Pleasant Thyme also serves up wrap sandwiches such as Turkey Bacon, and a Spicy Fajita with smoked cheddar, jalapenos and a southwest sauce. The sides are a simple list of chips, potato salad, pasta salad and the broccoli and bacon salad. They usually have a couple of soups available each day, which on this day included a chicken gumbo and creamy artichoke. Breakfast includes an egg and cheese Panini, and quiche of the day.
Veggie Eater: My mother and I hit this restaurant for her birthday lunch while she was in town. We figured we
should try to support a local business and had heard good things about Pleasant Thyme. I am shamed to admit at how long it took to get me there, since it’s just a hop, jump and a skip from our J-town home. We were not disappointed. Mom ordered the Reuben Panini. She indicated the corned beef was very high quality. The Panini was stacked high like a true New York deli sandwich. She opted for potato salad, which was fresh. I on the other hand opted for the Veggie Delight. It consisted of artichoke spread on foccacia and had fresh veggies to top it: red peppers, tomatoes, cukes, onions, and provolone. A respectable veggie sandwich. There are not a ton of veggie choices (really just the Veggie delight sandwich and the house salad). However, quite a few sandwiches can be made veggie friendly easily. I also notice that it appears they do 2 quiches each morning and it appears one is veggie and one is meatified. They have breakfast Panini as well. It’s close enough that when I want a quick treat, I’ll stop in again. My mother was thoroughly pleased with the new addition to our area.
Meat Eater: Thanks to the readers who e-mailed us about this place. We never expected to talk about Pleasant View and mango chutney in the same review, but we are glad we can. The Pleasant Thyme Cafe had a bustling weekday lunch business going on both of our visits, so it seems the locals are responding. I think one reason for that success is the down home feel to the place. It may look upscale, and serve up some outstanding lunch food, but at its heart Pleasant Thyme Café is a family run, small town place where everyone knows everyone. It’s great to have all of that and really good food to boot.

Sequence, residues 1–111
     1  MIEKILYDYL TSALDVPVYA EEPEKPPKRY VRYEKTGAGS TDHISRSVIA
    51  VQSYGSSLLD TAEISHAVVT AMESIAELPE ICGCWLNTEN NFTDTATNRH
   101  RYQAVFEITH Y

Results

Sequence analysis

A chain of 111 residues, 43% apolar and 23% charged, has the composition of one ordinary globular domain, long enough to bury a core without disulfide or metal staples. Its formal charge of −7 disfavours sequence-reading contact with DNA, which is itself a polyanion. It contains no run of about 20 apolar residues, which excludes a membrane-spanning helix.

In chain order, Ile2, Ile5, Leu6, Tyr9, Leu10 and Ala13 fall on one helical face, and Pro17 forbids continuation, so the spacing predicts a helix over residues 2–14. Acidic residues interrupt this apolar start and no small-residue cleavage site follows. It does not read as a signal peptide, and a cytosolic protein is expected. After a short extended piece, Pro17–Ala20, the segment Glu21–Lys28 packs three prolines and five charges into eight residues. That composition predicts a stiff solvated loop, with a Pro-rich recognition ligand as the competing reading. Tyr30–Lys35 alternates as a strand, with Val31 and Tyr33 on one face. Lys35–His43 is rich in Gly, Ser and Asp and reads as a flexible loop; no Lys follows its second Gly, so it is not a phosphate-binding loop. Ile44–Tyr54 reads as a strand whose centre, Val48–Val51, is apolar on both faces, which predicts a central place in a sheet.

The Pleasant Thyme Café is located just 2.5 miles from the I-24/Highway 49 exit and well worth a day trip. Pleasant View even has an antique store and a gift store just off Highway 49. Pleasant Thyme Café is open weekdays for breakfast and lunch, and until 2pm on Saturdays. A sandwich, side, cup of soup and a diet coke cost $12 with tax and tip.
Sunday, March 8, 2009
Nashville Restaurants and Food
1805 21st Ave. South
Sunday, March 1, 2009
Nashville Restaurants and Food
109 Walton Ferry Road
It’s cool that Nashville finally has some nicer places for Italian food. Still, we’ve been looking for a mom and pop Italian-American joint that dishes up tasty, inexpensive pasta, pizza and sandwiches. We think we’ve finally found it, and in Hendersonville of all places. Open just three months, Nana Rosa is a comforting addition to the Nashville area restaurant scene.
Italian-American really is its own cuisine and while it may cause some foodies to turn up their noses at the lack of authenticity, you can experience great Italian-American food in cities all over the country. In Milwaukee we had a few favorite spots where you could immerse yourself in the family atmosphere. Nana Rosa certainly has that family feel. Skip and Billee Helm have pictures of the relatives on the walls, and even living room furniture to complete the look. Now some of this strays into Italian-American kitsch, like the plastic vines and olive bunches hanging from the trellis, red and white checkered table cloths, and the café scene painted on the wall. Quite frankly (sorry we couldn’t resist) it only adds to the vibe when Frank Sinatra kicks in on the stereo.